Día de los Muertos is the perfect time of year for Mexican hot chocolate. This recipe is a twist on the classic plain chocolate caliente; it’s spiced with chile guajillo, which lends a mildly spicy flavor and an earthy and fruity bouquet to this traditional beverage.
Grocery stores are typically overflowing with prickly pears—known as tunas rojas in Spanish—in August and September. You can eat them plain, use them to make agua fresca de tuna roja, watermelon and prickly pear paletas, prickly pear sorbet or even margaritas! There are so many possibilities.
Prickly pears are full of pectin, which makes them ideal for jelly and jam-making. The pectin produces a syrupy consistency that’s also perfect for blending with ice to make a frozen margarita. I’m serving this margarita for our Mexican Independence Day celebration. It’s a sophisticated representation of the Mexican flag: red from the prickly pears, white from the tequila blanco and green from the lime.
As you may have noticed this year, I’ve been posting a lot of mango recipes. Mangoes are seemingly easier and cheaper to get on the West Coast, and available for a longer period of time than in Chicago where we used to live. We’ve been drinking a lot of agua de mango this year because I can’t resist buying mangoes almost every week.
This recipe calls for Ataulfo mangoes, which are a yellow variety known for being sweet. Close substitutes or other names for this kind of mango can include Manila mangoes, honey mangoes or champagne mangoes. Ataulfo mangoes are in peak season between March and June, but can often be found in stores all the way through December depending on the part of the country where you live.
Leave the mangoes out on the counter at room temperature for a few days if they’re firm at the time you buy them. You’ll know they’re ripe and ready to use when the skin gives a little when you press it and/or the skin starts to wrinkle slightly. If the skin is already wrinkled when you buy them, they’re ready to use immediately. This variety of mango is less fibrous than the Tommy Atkins (green with red blush) variety, and therefore is more ideal for making aguas frescas.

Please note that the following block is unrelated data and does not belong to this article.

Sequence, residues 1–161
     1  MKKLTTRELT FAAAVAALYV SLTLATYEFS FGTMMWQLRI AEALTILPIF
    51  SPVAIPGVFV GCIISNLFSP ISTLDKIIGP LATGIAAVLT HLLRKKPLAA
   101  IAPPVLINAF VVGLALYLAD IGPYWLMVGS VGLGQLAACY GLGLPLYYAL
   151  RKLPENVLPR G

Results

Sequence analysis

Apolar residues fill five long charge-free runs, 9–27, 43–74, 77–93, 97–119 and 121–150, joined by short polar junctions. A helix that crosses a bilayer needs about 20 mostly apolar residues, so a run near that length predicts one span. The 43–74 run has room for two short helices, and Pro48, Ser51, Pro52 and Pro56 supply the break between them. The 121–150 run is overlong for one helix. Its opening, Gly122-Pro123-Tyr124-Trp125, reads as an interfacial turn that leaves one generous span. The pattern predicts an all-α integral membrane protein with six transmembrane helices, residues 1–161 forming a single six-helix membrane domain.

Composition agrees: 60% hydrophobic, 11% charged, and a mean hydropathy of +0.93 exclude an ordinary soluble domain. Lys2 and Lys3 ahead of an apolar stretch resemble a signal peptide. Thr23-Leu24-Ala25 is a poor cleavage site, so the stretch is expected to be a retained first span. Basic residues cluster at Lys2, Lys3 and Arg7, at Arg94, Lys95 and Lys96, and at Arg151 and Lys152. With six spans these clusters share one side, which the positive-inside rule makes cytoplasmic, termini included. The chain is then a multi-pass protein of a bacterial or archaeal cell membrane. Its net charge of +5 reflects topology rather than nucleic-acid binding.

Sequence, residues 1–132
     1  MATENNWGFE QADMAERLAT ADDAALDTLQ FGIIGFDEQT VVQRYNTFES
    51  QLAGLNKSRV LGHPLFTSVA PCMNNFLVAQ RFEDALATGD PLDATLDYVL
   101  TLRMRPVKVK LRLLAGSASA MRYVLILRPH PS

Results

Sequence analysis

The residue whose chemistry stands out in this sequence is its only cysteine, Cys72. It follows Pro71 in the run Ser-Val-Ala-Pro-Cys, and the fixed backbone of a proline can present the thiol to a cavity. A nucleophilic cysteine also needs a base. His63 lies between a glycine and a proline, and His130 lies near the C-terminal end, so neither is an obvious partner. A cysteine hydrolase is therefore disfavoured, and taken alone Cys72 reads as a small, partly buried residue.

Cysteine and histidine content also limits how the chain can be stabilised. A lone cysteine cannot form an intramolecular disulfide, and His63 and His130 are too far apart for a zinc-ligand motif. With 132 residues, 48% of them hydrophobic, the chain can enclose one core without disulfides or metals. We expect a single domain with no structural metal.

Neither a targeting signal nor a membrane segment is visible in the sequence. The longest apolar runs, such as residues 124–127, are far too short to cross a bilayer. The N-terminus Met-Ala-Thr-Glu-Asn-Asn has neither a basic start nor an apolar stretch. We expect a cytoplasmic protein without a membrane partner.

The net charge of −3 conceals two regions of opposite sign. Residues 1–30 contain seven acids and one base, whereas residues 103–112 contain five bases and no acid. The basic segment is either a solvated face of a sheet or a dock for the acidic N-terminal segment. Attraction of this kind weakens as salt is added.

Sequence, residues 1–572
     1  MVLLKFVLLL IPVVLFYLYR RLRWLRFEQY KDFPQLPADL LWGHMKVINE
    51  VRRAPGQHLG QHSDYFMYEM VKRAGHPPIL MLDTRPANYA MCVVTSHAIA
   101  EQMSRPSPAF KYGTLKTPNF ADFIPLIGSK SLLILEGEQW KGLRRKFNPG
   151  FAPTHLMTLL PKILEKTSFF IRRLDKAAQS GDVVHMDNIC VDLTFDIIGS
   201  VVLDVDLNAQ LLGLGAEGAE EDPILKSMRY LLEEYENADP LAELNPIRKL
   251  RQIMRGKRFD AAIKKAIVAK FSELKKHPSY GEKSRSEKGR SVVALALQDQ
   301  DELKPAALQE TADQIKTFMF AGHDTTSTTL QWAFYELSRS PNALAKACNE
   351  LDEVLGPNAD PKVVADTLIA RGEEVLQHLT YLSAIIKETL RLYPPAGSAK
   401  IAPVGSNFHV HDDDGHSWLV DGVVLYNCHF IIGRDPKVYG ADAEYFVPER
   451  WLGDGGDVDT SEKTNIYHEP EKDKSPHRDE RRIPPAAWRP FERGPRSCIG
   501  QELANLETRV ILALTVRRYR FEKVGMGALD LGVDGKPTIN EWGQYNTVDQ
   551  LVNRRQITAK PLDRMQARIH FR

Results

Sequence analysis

If you like this recipe, you may also like my agua de fresa y mango recipe (strawberry and mango)….
If you love to entertain and want to whip up some fun, fruity cocktails that are so easy to make, you’ll have plenty of time to spend with your guests, this is your cocktail! This is what I’ll be serving up to visitors during the Labor Day weekend while we hang by the pool and soak up the last of the summer sun.
I typically stock the following flavors at home to make this easy cocktail: Fresa (strawberry), tamarindo (tamarind), mandarina (mandarin orange), piña (pineapple), guayaba (guava), limón (lime) and mango. For those who like to play bartender, you can try mixing some of the soda flavors to make more unique cocktails, such as pineapple-guava or strawberry-mango. If you like, you can also substitute rum for the tequila. Even when we’re not entertaining friends, I like to hang out on the balcony or by the pool sipping these fruity cocktails.
Note: If you use the toronja (grapefruit) flavor + tequila, you can make a version of my paloma recipe!…
Café de olla is one of my all-time favorite Mexican recipes. In fact, it was the first recipe I ever posted here on The Other Side of The Tortilla. During the spring and summer, I love to drink iced coffee. Naturally, I came up with this recipe to enjoy a summer version of café de olla so I can drink it on ice—and it doesn’t take me more than five minutes to make, so I can grab it to go in the morning as I head out the door to work.
Of course, you can also make this recipe without the ice for a quick, hot version of café de olla if you’re in a hurry. It doesn’t have all the flavor depth of the traditional version which is infused slowly, but it’s perfect for a quick fix!…
I’m excited to share that I’ve co-authored a bilingual recipe ebook, “Brunch With Mom,” that has 11 awesome brunch recipes for Mother’s Day by me and five other food writers. You don’t want to miss out on this cookbook full of drool-worthy photos and easy directions to make the perfect brunch!
I wrote two of the recipes in the book, which are pictured here below. If you make any of the recipes, share them on Instagram and Twitter with the hashtag #BrunchWithMom so we can see your masterpiece!
Trenza de huevo con chorizo | Egg and chorizo puff pastry braid
This fun and fancy variation on a traditional breakfast dish envelops the huevo con chorizo in a braided puff pastry dough to create a savory breakfast treat.
Latte Oaxaqueño | Oaxacan Latte
This spin on a regular old cafe latte uses Mexican chocolate for an Oaxacan twist. The secret: You don’t need a fancy coffee machine to make the foam! I teach you how to do it with a glass jar, milk and the microwave. Even your kids will be able to do this one.
My recipes and photos appear on pages 10-15 and 44-47. Get the whole ebook for FREE here (you need to create a free account to download or print it):